“It basically just cut the trailer in half,” Gaston County Police Capt. Jon Leatherwood said. The boy was pronounced dead at Carolinas Medical Center Sunday afternoon.
Autumn Gill, his older sister, told the Observer that the baby was in his mother’s arms on the couch. Tammy Gill told her daughter she had just settled in on the couch to feed Kade when the tree crashed through the home.
Olen Gill, the boy’s father, was in the kitchen, cut off by the tree and unable to reach Tammy Gill, who was pinned, and Kade.
“The tree had divided us,” Kade’s father, Olen Gill, told WBTV. “So I am in the kitchen. She (Kade’s mother) is in the living room on the couch. I had to come out and rip the air conditioner out of the window, and that’s when we handed him through the window.”
Sunday was the day Kade turned three months old, reported Observer news partner WBTV.
Creeks rose all over the Charlotte area Sunday afternoon. The southern part of Mecklenburg County and its neighbors to the southeast faced particular trouble. Rain gauges there measured massive rainfall over the past three days: 10.9 inches at Matthews Elementary School, 11 inches nearby on U.S. 74, 10.2 inches at McAlpine and Sardis roads.
At 1:30 p.m. Sunday, after much of the metro area had been pelted since early morning with gusting winds and sheets of rain, the National Weather Service issued a rare emergency flood warning for south Charlotte, Pineville, Matthews and Mint Hill. There, the drainage basins of some of Mecklenburg County’s best-known creeks began spilling over into roadways, bridges and neighborhoods.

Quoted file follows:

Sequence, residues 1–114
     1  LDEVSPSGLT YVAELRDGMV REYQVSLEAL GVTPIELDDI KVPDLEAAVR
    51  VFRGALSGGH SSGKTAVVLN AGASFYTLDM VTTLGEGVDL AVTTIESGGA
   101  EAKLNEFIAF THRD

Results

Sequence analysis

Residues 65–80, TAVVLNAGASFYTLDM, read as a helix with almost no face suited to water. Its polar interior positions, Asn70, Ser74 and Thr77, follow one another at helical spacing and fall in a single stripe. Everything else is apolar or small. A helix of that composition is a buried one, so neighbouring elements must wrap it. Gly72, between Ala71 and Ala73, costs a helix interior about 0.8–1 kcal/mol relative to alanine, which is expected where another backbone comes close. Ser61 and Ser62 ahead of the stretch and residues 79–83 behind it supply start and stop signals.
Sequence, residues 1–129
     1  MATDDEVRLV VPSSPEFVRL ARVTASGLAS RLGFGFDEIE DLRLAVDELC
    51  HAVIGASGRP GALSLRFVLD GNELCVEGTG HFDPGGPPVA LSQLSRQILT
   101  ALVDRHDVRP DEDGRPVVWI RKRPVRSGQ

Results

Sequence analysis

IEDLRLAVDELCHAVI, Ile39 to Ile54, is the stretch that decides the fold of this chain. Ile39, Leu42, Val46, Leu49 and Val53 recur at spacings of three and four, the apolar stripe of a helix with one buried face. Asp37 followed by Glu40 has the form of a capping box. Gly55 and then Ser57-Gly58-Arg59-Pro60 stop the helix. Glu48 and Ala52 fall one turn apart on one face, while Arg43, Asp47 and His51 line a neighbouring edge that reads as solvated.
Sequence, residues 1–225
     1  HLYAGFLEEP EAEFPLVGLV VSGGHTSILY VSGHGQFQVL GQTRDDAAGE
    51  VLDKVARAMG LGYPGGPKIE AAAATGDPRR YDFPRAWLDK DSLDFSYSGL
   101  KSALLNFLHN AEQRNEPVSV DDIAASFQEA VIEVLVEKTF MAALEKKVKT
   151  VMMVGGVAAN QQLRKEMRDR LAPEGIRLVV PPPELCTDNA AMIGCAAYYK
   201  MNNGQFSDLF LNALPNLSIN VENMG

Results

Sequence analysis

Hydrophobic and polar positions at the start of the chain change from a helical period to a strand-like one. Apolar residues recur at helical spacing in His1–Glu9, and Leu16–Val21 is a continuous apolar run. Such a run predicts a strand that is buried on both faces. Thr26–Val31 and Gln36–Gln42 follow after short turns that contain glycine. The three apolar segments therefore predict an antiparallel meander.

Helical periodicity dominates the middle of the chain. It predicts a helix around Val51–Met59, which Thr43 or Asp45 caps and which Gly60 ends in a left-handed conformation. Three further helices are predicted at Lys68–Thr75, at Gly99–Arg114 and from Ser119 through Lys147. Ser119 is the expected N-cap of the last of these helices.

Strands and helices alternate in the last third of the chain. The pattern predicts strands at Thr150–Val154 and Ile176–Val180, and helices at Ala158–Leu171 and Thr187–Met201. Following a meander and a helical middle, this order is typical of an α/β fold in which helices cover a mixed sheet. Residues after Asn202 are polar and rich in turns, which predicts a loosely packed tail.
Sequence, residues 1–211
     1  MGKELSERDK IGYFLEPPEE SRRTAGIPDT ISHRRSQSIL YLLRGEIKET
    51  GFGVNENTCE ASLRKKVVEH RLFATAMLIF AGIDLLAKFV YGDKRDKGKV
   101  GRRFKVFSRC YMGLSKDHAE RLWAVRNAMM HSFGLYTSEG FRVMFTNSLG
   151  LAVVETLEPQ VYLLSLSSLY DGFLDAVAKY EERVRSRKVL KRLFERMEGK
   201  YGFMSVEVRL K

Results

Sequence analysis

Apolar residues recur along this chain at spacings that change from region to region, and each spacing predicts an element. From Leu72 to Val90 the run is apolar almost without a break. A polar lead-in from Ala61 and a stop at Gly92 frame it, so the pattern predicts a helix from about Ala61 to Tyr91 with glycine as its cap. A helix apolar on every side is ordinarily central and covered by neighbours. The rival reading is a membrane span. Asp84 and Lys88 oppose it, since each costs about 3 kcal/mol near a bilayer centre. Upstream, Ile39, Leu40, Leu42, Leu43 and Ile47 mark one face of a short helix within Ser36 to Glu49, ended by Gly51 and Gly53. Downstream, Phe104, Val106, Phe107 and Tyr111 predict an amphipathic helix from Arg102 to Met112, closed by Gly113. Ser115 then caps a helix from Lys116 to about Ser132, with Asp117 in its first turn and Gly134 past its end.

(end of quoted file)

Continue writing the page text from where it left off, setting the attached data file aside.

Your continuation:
The emergency warning was quickly extended to Union and York counties.
The weather service told residents in the quickly expanding emergency flash-flood area that they faced an “extremely dangerous and life-threatening situation,” and the agency urged people not to travel unless they were evacuating.
“SEEK HIGHER GROUND NOW!” the weather service said in an unusually urgent Sunday afternoon statement.
At 4:15 p.m., Union County Emergency Management Service announced a 7 p.m. to 7 a.m. curfew due to worsening conditions.
Across the region, Duke Energy says water could begin spilling out of several of its lakes above and below Charlotte starting as early as Monday evening, utility spokeswoman Kim Crawford told the Observer on Sunday.
The most immediate flooding threats are to areas along lakes James, Rhodhiss and Lookout Shoals, Crawford said, where the reservoirs are expected to be several feet above full pond by Monday evening, Crawford said.
Duke is also monitoring Mountain Island Lake, a major source of the region’s drinking water. But Crawford said Duke’s fears of flooding there have eased for now due to tapering rainfall in that part of the county.
Elsewhere, as the rainfall and runoff move southward, and are passed dam to dam around Charlotte, the flood threat moves into Duke’s reservoirs in South Carolina. The threat is particularly heightened at Lake Wateree, the last and lowest reservoir on the chain.
Duke began preparing for the arrival of Florence weeks ago by lowering water levels 4 to 5 feet in its four biggest reservoirs — James, Norman, Wylie and Wateree — in anticipation of what Florence was expected to dump across the region. All that will be compounded by a massive runoff from the river’s countless tributaries, stretching hundreds of miles from the mountains to the S.C. Upstate.
The National Weather Service says the South Fork River in Gaston County is expected to crest at 6 1/2 feet above flood stage on Monday, threatening roads, bridges, parks and homes, particularly in and around Cramerton.
Staff Writers Mark Price, Theoden Janes, Joe Marusak, LaVendrick Smith and Adam Bell contributed.